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The real deputies of the Greek Parliament

Citizens can propose legislation in certain areas. Their proposal is then evaluated by fellow users and the most popular ideas are then sent to deputies for further deliberation.

By Lina Giannarou

The team behind Vouliwatch (www.vouliwatch.gr) could not have asked for better timing. Since the launch of the online platform on March 16, the Greek Parliament has been at the center of attention: from the key omnibus bill submitted by the government and the ensuing censure motions, to the controversy surrounding former cabinet secretary Panayiotis Baltakos.

Vouliwatch is the Greek version of Parliament Watch, which is already available in five European countries: Ireland, France, Luxembourg, Austria and Germany. The platform enables citizens to monitor and evaluate the activity of members of parliament, as well as the European Parliament. Visitors can also find out about the voting record of deputies and ask them questions.

Vouliwatch is a nonprofit initiative financed by the founding members, and it aims to bring Greek voters closer to their elected representatives. Administrative Reform Minister Kyriakos Mitsotakis was the first to receive a question. Varvara Orfanidou, a 77 percent disabled employee at a highway toll station in Malgara, near Thessaloniki, asked the conservative minister whether she was protected under a new law which stipulates that tollgate workers will be hired on an open-ended contract by the Egnatia Odos company which is responsible for the highway's upkeep.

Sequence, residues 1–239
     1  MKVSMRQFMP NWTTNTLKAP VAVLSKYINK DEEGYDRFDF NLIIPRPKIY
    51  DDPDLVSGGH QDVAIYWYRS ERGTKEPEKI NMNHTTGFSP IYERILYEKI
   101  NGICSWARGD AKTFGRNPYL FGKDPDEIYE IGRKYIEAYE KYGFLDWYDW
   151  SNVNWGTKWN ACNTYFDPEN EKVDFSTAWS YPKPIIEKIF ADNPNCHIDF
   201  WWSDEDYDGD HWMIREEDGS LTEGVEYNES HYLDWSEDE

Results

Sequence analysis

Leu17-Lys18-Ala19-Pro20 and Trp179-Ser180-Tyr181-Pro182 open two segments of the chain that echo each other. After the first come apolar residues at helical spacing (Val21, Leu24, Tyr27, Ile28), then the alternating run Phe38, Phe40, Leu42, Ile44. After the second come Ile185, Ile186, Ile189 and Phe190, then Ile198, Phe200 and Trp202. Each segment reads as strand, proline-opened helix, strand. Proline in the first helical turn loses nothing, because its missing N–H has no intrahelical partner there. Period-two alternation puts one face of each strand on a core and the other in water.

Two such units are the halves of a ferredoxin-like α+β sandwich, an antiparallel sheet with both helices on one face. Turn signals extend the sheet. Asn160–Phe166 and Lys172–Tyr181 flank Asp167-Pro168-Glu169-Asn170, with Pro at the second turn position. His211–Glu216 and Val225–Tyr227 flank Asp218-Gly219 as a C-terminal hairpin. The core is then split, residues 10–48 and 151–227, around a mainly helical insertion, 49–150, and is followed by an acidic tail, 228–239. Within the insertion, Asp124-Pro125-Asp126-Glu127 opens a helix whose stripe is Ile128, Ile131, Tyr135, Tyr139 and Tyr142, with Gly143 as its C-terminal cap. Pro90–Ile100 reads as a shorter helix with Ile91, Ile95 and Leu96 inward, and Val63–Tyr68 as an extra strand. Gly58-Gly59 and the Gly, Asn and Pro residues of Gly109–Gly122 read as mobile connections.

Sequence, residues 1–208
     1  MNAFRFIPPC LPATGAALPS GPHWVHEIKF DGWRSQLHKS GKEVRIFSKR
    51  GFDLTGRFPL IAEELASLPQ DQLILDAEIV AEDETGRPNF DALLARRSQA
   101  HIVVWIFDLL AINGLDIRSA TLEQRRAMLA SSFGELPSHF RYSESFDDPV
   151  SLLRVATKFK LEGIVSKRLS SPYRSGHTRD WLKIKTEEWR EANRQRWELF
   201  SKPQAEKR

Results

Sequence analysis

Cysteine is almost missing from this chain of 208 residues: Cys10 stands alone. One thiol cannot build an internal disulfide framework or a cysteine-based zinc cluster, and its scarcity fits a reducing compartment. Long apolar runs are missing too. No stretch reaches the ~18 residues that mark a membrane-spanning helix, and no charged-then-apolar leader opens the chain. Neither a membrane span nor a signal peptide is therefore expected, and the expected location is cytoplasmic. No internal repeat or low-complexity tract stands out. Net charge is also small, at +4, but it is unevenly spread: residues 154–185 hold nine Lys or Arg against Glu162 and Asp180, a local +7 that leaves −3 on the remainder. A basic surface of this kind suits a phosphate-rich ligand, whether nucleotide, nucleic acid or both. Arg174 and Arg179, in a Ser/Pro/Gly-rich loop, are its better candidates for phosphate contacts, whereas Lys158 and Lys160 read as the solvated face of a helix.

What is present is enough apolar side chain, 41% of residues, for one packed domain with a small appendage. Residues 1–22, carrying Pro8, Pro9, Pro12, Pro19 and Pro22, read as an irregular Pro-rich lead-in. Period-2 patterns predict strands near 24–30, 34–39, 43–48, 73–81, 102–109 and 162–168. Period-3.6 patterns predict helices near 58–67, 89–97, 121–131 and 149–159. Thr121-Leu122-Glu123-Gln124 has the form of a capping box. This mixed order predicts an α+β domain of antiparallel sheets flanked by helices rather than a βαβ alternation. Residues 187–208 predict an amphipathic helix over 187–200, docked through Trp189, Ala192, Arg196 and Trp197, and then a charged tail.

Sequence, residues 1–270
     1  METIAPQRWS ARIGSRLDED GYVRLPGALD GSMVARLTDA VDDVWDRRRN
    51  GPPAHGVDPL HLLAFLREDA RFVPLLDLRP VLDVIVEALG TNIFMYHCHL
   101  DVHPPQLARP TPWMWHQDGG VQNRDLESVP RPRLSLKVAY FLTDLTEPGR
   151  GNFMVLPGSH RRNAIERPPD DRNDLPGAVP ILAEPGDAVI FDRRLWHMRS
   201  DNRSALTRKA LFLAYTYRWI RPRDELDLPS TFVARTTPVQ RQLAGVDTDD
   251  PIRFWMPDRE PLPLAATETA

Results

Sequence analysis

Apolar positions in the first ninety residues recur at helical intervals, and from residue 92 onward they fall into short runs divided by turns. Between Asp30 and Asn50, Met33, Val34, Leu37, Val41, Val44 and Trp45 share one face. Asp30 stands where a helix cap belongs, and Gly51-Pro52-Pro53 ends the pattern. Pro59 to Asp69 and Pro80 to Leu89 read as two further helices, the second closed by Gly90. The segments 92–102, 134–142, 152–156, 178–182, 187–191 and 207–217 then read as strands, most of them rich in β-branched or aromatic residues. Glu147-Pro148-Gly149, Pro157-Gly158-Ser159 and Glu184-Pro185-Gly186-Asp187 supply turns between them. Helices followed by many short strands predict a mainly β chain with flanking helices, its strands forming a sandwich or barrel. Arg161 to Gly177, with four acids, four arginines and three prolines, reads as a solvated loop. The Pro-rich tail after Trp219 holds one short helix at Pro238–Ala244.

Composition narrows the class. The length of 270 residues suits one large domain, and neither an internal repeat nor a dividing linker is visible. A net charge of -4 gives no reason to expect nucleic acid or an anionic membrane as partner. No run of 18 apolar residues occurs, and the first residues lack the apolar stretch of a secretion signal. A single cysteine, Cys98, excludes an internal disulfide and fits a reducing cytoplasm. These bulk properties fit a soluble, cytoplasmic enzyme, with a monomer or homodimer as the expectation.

Mitsotakis assured the employee that transferred employees are neither fired nor placed in a mobility scheme. “As a result, you will continue your work with Egnatia Odos,” he said.

Interestingly, Orfanidou had asked the same question several times in the past. “I sent you an e-mail at your ministerial address, I tweeted you, I e-mailed your ministry and the legal department... but I never received a response,” she said.

Also, Vouliwatch aims to explain developments in the House through posts on issues of procedure. More ambitiously, it hopes to influence the parliamentary agenda. Citizens can propose legislation in certain areas. Their proposal is then evaluated by fellow users and the most popular ideas are then sent to deputies for further deliberation.

The first few weeks of the site – which is still a beta version – have been very successful.

“Despite the fact that people are fuming over the political system – a fact which has created many levels of mistrust, such as that few people believe e-governance can help in problem solving – people were quick to embrace [the project],” says Panayiotis Vlachos, one of the architects of Vouliwatch.

Two weeks after its launch, the site had received more than 5,000 unique hits and more than 7,100 views. It had more than 3,000 likes on its Facebook page.

“It is worth investing in continuous contact with MPs' offices,” Vlachos says. Most lawmakers are reluctant because they think that engaging with the site means a bigger workload for their staff.

“They are skeptical. They say, 'We don't know the person asking the questions.' The response to this is that an individual demand can at the same time be a collective one.”

ekathimerini.com , Thursday April 10, 2014 (07:33)  
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